Products, technology and organization Am Econ Rev., 80(3). Roller, L H and Tombak, M M, Strategic choice of flexible production technologies and welfare implications.

J Ind Econ.,38(4) Selten, R, @MISC{Gupta_anote, author = {Sudheer Gupta}, title = {A Note on "Strategic Choice of Flexible Production Technologies and Welfare Implications"}, year = {}} Share.

OpenURL. Abstract. This note corrects certain errors in welfare calculations and graphs of a paper by Roller and Tombak #JIE, #. The corrections necessitate a re-interpretation. the ⁄exible technology can be sustained under strategic delegation but not under strict pro–t maximization when products are substitutes.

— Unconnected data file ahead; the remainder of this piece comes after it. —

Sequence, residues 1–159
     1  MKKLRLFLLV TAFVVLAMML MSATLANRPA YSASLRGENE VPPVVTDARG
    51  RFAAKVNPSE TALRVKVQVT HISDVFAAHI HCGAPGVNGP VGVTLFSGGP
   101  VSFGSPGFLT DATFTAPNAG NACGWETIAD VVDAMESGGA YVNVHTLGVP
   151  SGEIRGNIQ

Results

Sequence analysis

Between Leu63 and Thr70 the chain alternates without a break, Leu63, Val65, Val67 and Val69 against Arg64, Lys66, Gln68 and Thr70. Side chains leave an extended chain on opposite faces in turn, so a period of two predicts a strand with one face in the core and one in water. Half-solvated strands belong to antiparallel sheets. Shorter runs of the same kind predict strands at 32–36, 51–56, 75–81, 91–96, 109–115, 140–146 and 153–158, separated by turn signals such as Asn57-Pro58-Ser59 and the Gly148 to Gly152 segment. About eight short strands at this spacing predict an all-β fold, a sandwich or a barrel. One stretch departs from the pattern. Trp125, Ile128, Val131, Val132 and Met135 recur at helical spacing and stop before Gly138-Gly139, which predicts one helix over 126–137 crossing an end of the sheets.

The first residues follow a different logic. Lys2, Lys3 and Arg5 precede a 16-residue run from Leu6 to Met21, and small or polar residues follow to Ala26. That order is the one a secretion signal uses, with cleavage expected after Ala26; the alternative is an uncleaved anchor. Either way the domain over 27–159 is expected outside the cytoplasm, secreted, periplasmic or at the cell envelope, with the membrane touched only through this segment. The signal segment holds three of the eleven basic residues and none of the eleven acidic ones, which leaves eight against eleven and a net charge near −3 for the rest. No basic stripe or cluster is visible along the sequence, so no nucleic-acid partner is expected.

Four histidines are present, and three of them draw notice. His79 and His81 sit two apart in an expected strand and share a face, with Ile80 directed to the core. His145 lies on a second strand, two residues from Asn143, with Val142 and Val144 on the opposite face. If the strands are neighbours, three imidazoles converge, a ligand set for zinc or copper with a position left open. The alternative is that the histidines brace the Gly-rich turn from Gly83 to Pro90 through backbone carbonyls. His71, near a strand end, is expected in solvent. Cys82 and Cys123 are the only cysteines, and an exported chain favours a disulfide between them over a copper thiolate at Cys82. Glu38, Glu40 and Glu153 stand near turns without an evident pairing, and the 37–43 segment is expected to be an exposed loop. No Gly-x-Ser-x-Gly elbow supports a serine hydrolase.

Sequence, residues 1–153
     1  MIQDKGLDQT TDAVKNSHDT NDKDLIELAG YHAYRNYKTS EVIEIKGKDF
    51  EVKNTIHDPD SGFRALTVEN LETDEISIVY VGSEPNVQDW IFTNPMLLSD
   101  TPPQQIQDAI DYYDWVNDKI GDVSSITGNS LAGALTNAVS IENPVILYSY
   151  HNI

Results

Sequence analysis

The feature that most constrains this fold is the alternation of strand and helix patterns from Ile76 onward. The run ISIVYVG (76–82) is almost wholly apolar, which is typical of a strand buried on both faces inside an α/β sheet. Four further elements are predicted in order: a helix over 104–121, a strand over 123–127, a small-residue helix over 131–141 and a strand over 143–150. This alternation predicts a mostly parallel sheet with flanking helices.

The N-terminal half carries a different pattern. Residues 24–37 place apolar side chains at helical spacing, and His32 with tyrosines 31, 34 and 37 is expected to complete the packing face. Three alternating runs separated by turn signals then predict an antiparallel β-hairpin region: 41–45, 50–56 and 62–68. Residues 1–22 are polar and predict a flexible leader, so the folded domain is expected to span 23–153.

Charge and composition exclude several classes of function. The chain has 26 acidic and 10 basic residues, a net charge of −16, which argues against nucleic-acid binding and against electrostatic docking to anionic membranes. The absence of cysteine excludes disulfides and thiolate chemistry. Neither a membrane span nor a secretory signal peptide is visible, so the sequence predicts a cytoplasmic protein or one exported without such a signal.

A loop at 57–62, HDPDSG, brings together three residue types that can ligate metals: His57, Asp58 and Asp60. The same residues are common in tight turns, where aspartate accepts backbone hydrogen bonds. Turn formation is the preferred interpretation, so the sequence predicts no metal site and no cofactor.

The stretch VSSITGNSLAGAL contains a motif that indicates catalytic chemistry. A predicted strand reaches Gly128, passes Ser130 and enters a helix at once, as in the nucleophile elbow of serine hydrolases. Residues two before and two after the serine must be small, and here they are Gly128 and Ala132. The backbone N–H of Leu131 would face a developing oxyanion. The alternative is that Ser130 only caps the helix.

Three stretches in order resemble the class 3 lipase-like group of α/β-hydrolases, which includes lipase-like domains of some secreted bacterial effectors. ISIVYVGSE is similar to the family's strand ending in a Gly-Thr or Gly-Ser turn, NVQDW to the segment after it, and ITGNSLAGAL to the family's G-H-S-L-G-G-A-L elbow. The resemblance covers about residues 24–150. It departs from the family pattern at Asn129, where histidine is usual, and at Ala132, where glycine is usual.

We extend the analysis to consider welfare implications. JEL Classi–cation: O31, L13 Key words: Flexible production technologies, strategic delegation, social welfare, duopoly Departamento de.

"Strategic Choice of Flexible Production Technologies and Welfare Implications," Journal of Industrial Economics, Wiley Blackwell, vol.

38(4), pagesJune. Lars-Hendrik Röller & Mihkel M. Tombak, "Competition and Investment in Flexible Technologies," Management Science, INFORMS, vol.

39(1), pagesJanuary. Gal-Or, Esther. Several articles have analyzed the strategic choice of flexible manufacturing technologies (Chang, ;Eaton and Schmitt, ;Norman, ;Norman and. This paper examines the effect of salvage market on strategic technology choice and capacity investment decision of two firms that compete on the amount of output they produce under demand uncertainty.